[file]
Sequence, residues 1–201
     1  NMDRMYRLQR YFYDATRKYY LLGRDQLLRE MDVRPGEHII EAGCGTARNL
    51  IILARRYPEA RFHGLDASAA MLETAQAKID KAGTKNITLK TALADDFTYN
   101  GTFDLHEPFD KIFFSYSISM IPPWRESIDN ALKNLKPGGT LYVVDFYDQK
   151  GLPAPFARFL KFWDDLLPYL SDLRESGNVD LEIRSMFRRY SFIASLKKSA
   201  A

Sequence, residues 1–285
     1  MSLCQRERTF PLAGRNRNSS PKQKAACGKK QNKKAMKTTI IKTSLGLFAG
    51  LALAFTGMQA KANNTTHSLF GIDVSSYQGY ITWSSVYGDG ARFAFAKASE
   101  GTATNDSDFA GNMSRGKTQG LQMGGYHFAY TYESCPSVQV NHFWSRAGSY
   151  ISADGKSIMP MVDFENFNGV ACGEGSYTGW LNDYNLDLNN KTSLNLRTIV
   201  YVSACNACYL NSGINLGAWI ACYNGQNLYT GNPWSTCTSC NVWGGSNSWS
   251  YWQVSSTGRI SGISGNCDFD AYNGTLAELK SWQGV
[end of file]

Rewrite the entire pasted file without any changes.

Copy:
Sequence, residues 1–201
     1  NMDRMYRLQR YFYDATRKYY LLGRDQLLRE MDVRPGEHII EAGCGTARNL
    51  IILARRYPEA RFHGLDASAA MLETAQAKID KAGTKNITLK TALADDFTYN
   101  GTFDLHEPFD KIFFSYSISM IPPWRESIDN ALKNLKPGGT LYVVDFYDQK
   151  GLPAPFARFL KFWDDLLPYL SDLRESGNVD LEIRSMFRRY SFIASLKKSA
   201  A

Sequence, residues 1–285
     1  MSLCQRERTF PLAGRNRNSS PKQKAACGKK QNKKAMKTTI IKTSLGLFAG
    51  LALAFTGMQA KANNTTHSLF GIDVSSYQGY ITWSSVYGDG ARFAFAKASE
   101  GTATNDSDFA GNMSRGKTQG LQMGGYHFAY TYESCPSVQV NHFWSRAGSY
   151  ISADGKSIMP MVDFENFNGV ACGEGSYTGW LNDYNLDLNN KTSLNLRTIV
   201  YVSACNACYL NSGINLGAWI ACYNGQNLYT GNPWSTCTSC NVWGGSNSWS
   251  YWQVSSTGRI SGISGNCDFD AYNGTLAELK SWQGV